Man holds "The only good communist is a dead communist" sign in midst of crowd gathered on street to see Soviet leader Nikita Khrushchev. September 23, 1959. Des Moines, Iowa, United states <421*640>


Bizarre that whoever named the original photo altered the claimed content of the sign so it read better then the real thing.

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Hilarious that a communist nation needed outside help in the form of subsidies just to feed their people. Seems to be a common issue, doesn't it?

Original source: Library of Congress

From Khrushchev visits Iowa cornfields:

COON RAPIDS, Iowa, Sept. 23, 1959 (UPI) - Soviet Premier Nikita Khrushchev today went out into the Iowa corn fields to find out what makes the American farmer tick and how he produces so much.

The No. 1 Communist, whose pet project is agriculture, heralded his visit in a brief speech in Des Moines last night. He urged that the earth "be furrowed by plows, not rockets and tanks."

His main objective today was the farm of Roswell Garst, who met and impressed Khrushchev on a visit to Russia last spring.

More than 4,000 visitors were in this town of 1,700 to see the Soviet leader. Among those waiting to talk with him is Adlai Stevenson, twice a Democratic nominee for the presidency.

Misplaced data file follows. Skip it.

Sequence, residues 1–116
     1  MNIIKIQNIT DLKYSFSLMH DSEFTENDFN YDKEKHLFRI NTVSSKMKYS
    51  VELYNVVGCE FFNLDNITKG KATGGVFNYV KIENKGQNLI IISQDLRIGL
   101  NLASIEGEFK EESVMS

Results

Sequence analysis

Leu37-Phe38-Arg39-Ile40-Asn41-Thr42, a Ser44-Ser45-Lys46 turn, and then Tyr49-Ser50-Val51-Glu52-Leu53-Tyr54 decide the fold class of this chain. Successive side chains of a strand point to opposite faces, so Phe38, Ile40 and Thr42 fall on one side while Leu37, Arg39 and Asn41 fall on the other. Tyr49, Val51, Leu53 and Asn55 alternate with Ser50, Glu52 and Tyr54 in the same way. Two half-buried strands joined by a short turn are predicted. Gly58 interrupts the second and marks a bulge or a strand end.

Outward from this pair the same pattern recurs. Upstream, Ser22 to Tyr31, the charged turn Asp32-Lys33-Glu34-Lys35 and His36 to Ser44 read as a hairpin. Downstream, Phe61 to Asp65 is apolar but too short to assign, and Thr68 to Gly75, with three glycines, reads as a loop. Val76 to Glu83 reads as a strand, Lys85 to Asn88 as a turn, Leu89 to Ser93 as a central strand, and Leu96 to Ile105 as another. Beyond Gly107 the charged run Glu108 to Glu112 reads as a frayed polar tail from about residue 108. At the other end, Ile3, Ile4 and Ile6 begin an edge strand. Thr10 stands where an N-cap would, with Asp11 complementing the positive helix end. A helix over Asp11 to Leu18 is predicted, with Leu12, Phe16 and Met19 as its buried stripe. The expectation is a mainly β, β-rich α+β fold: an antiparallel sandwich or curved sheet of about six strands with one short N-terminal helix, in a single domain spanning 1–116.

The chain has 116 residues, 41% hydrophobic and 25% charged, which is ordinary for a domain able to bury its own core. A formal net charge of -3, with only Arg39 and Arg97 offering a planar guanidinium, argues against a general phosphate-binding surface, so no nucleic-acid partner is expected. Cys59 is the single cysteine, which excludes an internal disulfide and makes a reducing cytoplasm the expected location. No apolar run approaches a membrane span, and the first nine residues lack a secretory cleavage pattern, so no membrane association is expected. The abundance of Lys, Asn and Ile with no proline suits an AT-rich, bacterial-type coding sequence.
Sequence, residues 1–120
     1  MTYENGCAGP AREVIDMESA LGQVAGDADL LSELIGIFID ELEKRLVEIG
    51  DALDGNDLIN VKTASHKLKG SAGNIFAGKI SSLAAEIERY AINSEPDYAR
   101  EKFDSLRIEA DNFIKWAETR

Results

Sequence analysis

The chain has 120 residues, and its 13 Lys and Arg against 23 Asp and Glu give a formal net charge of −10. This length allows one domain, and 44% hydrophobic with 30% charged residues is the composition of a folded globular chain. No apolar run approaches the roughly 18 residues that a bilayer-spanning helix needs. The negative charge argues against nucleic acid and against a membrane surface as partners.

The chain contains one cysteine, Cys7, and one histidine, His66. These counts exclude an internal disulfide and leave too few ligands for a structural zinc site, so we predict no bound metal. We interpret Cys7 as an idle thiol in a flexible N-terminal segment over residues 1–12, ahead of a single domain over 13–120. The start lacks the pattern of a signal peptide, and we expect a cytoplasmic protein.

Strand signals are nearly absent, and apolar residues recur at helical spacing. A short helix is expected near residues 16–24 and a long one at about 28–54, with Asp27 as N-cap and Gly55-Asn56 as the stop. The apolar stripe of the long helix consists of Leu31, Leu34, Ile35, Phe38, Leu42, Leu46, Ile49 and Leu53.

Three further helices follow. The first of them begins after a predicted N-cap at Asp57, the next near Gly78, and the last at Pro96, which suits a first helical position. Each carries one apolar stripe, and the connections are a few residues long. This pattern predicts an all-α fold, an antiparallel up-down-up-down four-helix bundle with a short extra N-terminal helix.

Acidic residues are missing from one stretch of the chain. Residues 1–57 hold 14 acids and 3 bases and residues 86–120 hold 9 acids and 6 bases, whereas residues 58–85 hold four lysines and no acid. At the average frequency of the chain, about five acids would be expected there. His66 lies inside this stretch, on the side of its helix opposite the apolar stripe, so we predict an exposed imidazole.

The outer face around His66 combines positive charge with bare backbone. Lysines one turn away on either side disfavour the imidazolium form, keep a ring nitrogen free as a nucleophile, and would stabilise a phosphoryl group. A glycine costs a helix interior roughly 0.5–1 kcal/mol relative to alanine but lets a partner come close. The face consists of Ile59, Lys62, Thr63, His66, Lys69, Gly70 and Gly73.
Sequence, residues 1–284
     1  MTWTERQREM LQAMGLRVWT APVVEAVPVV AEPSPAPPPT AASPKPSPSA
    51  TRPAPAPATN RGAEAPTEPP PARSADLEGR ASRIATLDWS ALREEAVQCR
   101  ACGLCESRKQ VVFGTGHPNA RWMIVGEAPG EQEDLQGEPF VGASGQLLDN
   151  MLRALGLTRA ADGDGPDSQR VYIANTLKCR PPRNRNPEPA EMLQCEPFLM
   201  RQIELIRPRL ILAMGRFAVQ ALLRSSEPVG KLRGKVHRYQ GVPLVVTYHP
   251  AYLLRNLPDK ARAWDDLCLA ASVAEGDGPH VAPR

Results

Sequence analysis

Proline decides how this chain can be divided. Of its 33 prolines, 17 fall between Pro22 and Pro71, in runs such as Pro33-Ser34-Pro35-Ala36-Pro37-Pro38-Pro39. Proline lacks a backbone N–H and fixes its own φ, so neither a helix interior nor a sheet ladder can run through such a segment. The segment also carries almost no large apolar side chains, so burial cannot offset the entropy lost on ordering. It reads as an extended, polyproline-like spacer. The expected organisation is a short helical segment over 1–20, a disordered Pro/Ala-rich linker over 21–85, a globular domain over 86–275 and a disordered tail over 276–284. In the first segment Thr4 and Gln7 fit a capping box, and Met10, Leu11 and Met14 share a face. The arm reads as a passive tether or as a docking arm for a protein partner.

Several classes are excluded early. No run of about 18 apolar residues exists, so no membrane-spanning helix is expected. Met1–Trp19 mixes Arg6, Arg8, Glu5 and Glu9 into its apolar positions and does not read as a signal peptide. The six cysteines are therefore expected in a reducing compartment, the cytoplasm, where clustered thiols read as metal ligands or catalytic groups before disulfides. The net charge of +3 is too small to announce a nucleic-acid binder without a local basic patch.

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Khrushchev said he was interested in finding out how U.S. farmers - 12 per cent of the American population - manage to produce enough food for everybody. He admitted Russia lags in agriculture but added "it is possible to overcome this lag within a short time."

Khrushchev spoke last night at a dinner given by Des Moines Mayor Charles Iles on the eve of his daylong tour of Iowa farmlands, which produce more corn, hogs and finished beef cattle than any other state.

Earlier, Khrushchev proposed one or two meetings a year with President Eisenhower as "beneficial" and "better ... than to send messages which are not always friendly."

In his dinner speech, brief and unmarked by humor, Khrushchev said American reports of the Russian seven-year agricultural plan pictured it as "a kind of Soviet economic menace."

"But the question is what kind of a menace and whom can our agricultural production hurt," Khrushchev said. "Hardly anyone can contend that the consumption of more butter and meat will make our people more aggressive."